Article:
Joan was a peasant farmer’s daughter from eastern France. The third of five children, Joan grew up with no education other than religion. From a young age, Joan heard the voices of saints, including St. Margaret. The saints ordered her to lead the French resistance to the English invasion in the Hundred Years War and assist the King of France in regaining his kingdom.
While she led an army towards many military successes, Joan was eventually captured and tried as a heretic, sorceress, and adulteress. She was burned at the stake in 1431 at the age of 19 years old.
However, in a second posthumous trial in 1456, she was found innocent of the charges against her. Joan was beatified in 1909 and canonized in 1920 by Pope Benedict XV. She is the patron saint of France and of soldiers.
In this painting by Hippolyte (later Paul) Delaroche, Joan’s trial in the English-backed church court at Rouen is depicted. Joan is desperately praying, under the interrogating eyes of the fierce Cardinal, while awaiting her execution. She must have been truly frightened, having had her soldier’s armor removed, which would have been her identity and only protection from sexual assault while imprisoned.
The contrast of colors in Delaroche’s work is what first stands out. Cardinal Winchester is dressed in the red robes of his office, luxuriously draped around him as he sits in a chair. Behind him stands a scribe, recording the details of this interrogation but shrouded in darkness. On the right sits Joan upon a pile of hay, dressed in white (symbolic of her virtue) but stripped of any symbols of her bravery and importance on the battlefield. Her eyes are looking upwards, not at the cardinal, that combined with her clasped hands tell us that she is praying. It is perhaps why the cardinal appears so angry: she is not only a woman who has helped defeat his country’s armies, but also one who ignores his status as a cardinal and his questions in favor of praying to God.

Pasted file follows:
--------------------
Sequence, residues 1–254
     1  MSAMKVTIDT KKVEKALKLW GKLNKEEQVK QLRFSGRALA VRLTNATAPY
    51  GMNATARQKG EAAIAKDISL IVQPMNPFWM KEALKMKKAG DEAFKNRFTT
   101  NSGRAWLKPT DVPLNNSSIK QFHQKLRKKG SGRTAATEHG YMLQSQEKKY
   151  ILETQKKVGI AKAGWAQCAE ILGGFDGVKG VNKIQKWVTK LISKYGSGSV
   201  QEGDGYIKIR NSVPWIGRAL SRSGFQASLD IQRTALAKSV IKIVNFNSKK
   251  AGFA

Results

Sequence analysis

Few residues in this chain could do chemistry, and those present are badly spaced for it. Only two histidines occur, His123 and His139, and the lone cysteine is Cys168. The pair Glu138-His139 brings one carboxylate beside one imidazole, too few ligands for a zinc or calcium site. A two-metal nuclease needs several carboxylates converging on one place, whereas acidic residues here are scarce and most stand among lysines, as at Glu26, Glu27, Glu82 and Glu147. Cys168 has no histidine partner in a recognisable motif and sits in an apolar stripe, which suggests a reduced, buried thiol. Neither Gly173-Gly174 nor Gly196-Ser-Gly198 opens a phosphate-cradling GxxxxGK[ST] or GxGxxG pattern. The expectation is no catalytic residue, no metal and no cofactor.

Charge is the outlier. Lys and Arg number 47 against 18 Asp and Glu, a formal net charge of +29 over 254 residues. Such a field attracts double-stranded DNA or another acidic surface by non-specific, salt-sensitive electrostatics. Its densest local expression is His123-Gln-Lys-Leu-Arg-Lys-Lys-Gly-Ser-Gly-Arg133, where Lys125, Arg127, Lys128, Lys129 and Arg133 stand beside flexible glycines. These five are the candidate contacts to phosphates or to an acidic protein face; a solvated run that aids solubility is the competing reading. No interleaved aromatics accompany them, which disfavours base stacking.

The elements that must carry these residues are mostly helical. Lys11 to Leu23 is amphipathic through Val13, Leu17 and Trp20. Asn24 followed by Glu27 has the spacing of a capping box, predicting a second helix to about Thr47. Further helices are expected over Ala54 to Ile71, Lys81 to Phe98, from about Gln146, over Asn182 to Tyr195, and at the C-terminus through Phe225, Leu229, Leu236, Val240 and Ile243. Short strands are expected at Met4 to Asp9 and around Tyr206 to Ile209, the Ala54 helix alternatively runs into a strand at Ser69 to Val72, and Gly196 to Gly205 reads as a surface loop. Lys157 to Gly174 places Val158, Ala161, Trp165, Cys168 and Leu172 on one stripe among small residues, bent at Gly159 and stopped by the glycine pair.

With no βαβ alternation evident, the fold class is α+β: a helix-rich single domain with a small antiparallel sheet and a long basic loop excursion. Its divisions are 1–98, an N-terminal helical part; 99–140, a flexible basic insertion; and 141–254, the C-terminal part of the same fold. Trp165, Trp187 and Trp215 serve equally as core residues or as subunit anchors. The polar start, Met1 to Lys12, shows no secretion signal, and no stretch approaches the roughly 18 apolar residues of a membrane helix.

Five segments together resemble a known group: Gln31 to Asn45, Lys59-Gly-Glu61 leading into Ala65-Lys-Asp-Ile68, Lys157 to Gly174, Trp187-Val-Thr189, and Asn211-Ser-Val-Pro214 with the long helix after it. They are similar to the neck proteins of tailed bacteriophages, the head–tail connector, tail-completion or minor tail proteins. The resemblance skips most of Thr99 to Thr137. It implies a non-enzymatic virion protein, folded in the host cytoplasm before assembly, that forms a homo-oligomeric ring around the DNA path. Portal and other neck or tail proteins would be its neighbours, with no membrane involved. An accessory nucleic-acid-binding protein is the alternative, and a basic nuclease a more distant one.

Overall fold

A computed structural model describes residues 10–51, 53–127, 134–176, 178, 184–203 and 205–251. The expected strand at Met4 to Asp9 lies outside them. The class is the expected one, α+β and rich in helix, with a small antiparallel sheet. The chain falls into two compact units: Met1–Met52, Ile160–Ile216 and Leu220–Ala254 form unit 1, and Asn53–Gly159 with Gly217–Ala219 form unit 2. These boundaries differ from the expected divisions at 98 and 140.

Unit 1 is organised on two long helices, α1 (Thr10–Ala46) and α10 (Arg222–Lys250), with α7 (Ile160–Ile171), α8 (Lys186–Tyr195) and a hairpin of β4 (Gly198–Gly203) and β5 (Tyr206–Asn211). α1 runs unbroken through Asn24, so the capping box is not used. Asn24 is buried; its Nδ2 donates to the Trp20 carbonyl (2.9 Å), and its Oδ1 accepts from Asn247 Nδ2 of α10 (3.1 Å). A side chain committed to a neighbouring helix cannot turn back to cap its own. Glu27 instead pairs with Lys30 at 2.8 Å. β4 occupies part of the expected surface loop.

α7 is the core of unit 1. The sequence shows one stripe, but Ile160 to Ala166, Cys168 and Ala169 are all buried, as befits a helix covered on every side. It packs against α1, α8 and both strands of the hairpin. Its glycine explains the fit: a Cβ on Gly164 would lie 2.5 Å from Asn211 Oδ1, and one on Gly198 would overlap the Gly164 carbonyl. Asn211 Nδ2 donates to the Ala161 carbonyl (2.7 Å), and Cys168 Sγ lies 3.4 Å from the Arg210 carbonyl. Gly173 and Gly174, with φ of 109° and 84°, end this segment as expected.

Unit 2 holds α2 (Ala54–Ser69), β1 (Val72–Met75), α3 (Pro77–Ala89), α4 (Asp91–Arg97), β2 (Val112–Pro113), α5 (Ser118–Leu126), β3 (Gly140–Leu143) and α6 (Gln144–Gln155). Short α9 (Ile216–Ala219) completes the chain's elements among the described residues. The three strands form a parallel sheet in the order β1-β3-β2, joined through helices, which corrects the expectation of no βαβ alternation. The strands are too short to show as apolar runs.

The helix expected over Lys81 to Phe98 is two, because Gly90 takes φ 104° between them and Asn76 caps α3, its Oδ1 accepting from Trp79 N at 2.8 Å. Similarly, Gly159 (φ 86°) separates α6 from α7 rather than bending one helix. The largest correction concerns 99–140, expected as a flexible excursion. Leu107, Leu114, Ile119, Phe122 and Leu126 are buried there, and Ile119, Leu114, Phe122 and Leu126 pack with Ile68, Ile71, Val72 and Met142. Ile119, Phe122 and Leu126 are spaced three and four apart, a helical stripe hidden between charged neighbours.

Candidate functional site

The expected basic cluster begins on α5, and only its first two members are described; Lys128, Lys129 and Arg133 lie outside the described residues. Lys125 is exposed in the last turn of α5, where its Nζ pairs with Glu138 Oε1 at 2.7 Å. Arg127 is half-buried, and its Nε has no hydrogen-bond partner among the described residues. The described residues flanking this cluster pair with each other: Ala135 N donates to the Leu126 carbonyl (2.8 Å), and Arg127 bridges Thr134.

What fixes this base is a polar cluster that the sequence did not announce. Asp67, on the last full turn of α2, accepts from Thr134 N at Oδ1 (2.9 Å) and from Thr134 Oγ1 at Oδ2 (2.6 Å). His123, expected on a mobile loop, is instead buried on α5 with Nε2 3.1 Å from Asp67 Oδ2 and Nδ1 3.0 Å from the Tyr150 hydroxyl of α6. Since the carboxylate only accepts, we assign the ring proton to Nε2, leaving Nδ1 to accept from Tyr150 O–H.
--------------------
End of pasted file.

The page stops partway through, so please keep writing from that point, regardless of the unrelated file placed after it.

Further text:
In this painting by Jean Auguste Dominique Ingres, Joan of Arc holds her standard as she attends the coronation of Charles VII, the dauphin whose title to the throne she fought for. She stands at the altar during the coronation, with several praying figures and a soldier-like figure behind her. Her position at the altar is notable, as women were not typically allowed near the altar except during marriage ceremonies. Her presence there is indicative of her high status within the church and to the French. She is likely also very close to Charles VII, who would have been on the altar during his coronation, and thus her position also emphasizes her closeness to the new king. Her helmet and gloves sit on the floor beside her. She carries her standard, emphasizing her role as a leader in battle.
At the time that he painted this work, Ingres was following a popular trend of adding more feminine elements to Saint Joan’s appearance. In this case, her long hair and skirted armor. The work also follows the trend of later artists in taking “artistic license” to edit historical details, as Joan is depicted in plate armor, which she never would have worn in real life. Notably, the plate armor is also modified for a distinctly female form with a small waist.